Hi Crossworld! Thrilled to be making my New York Times Crossword debut. My fascination with crosswords started at an early age; as a kid, I cut my teeth on Newsday puzzles in my hometown, Baldwin, N.Y. At some point, when I was 8 or 9 years old, I remember trying to construct my own puzzle. The only thing I recall about that attempt was that it included the answer OMS, which I clued as “Orange Mammal Society.” I know — so many questions. None of which have good answers, I’m afraid.
Years later, I turned to crosswords as a diversion during a 90-minute commute to New York City every morning, but as a technologically-challenged Xennial, it never occurred to me that a New York Times Crossword app existed. So there I was, crammed in with grumpy Long Islanders like a human rebus, bumping along toward Penn Station, trying to write my answers legibly in a copy of Will Shortz’s Wittiest, Wackiest Crosswords.
Eventually, I realized that I could be doing puzzles on my phone instead. I downloaded the app and was stunned to discover that I suddenly had access to more than 20 years of New York Times Crossword archives. After plowing through hundreds of puzzles, I started toying with the idea of making one of my own. Three years and seven submissions later, here we are.
I must take a moment to thank Will Shortz and the editorial team for their patience and encouragement along the way. It would have been easy to quit after multiple rejections, but they were always careful to call out some positive feedback and leave the door open for future attempts.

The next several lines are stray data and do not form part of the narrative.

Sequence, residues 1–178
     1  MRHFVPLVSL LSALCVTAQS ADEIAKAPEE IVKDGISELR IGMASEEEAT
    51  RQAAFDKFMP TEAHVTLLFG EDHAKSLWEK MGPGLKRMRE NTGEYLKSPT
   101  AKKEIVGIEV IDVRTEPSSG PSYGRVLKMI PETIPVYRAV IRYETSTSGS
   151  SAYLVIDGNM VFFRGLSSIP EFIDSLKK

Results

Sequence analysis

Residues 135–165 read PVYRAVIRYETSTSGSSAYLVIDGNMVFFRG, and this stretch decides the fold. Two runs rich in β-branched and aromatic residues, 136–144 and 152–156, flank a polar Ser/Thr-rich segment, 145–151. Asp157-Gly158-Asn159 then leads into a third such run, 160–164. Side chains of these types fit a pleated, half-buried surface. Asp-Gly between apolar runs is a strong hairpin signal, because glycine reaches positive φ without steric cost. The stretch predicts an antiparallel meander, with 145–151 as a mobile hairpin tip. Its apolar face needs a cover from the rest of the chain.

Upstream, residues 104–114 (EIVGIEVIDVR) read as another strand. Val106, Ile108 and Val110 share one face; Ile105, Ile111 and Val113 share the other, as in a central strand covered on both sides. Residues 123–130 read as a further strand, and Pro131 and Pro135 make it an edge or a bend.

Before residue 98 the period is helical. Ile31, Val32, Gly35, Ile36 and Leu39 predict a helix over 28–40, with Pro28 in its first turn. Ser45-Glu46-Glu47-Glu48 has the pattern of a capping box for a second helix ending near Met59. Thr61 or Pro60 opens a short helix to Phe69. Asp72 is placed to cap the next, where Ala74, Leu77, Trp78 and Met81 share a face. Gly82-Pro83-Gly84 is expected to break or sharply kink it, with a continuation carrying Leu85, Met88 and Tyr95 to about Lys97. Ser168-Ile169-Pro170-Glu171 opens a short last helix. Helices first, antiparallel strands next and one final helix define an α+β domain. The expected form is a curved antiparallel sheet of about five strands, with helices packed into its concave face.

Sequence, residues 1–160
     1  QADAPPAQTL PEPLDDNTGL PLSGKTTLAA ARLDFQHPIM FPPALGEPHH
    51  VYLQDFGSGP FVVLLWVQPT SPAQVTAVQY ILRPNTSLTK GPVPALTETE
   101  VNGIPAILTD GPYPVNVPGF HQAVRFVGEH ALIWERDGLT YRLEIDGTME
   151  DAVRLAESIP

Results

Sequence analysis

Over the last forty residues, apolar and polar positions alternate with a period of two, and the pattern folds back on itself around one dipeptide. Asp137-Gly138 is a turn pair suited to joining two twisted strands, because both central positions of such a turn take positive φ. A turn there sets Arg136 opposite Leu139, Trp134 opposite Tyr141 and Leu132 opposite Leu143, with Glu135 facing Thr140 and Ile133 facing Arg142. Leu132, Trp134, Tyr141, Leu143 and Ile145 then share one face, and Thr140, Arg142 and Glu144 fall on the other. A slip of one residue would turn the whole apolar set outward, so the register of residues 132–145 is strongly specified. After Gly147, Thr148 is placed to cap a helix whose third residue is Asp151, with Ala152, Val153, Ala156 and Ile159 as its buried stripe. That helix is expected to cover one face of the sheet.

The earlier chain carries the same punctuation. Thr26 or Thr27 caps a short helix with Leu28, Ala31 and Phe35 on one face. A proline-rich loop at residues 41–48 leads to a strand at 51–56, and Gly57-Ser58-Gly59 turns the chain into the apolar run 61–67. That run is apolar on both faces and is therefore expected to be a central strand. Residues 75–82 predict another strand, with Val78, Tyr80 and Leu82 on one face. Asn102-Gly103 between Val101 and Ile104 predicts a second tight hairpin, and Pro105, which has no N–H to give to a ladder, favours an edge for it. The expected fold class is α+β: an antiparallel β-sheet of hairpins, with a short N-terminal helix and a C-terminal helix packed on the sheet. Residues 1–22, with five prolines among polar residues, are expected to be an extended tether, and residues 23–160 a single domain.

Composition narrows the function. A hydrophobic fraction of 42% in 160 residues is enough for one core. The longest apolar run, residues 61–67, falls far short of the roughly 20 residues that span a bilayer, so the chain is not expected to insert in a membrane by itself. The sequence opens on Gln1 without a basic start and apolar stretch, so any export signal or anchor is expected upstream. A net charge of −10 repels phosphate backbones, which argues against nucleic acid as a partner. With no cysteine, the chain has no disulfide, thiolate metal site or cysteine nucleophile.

Once I settled on this particular theme, I set out to find the most colorful entries that would fit the mold, but was constrained by a self-imposed rule that both sides of the [AD] be valid stand-alone entries. The four theme entries didn’t end up as snazzy as I would have liked, but I hope that some of the livelier fill makes up for it. As a personal bonus, I was happy to be able to incorporate my wife’s name (32D) and birthstone (15A). I was also pleased to see that roughly half of my clues made the cut, including my personal faves at 38A, 8D, and 27D.
One final note — I tried every which way to put the revealer at 63A or 64A and failed miserably. Three P’s and a U in the bottom row meant permanent dents in my wall and forehead. The 61A/62A row was no picnic either. Moving the revealer to 8A took all that pressure off and allowed me to load up on some interesting seven-letter entries, albeit at the expense of saving the revealer for last. From the solver’s perspective this seemed like a worthwhile trade-off. I hope you agree.
Happy solving, folks! Hope to be back soon.
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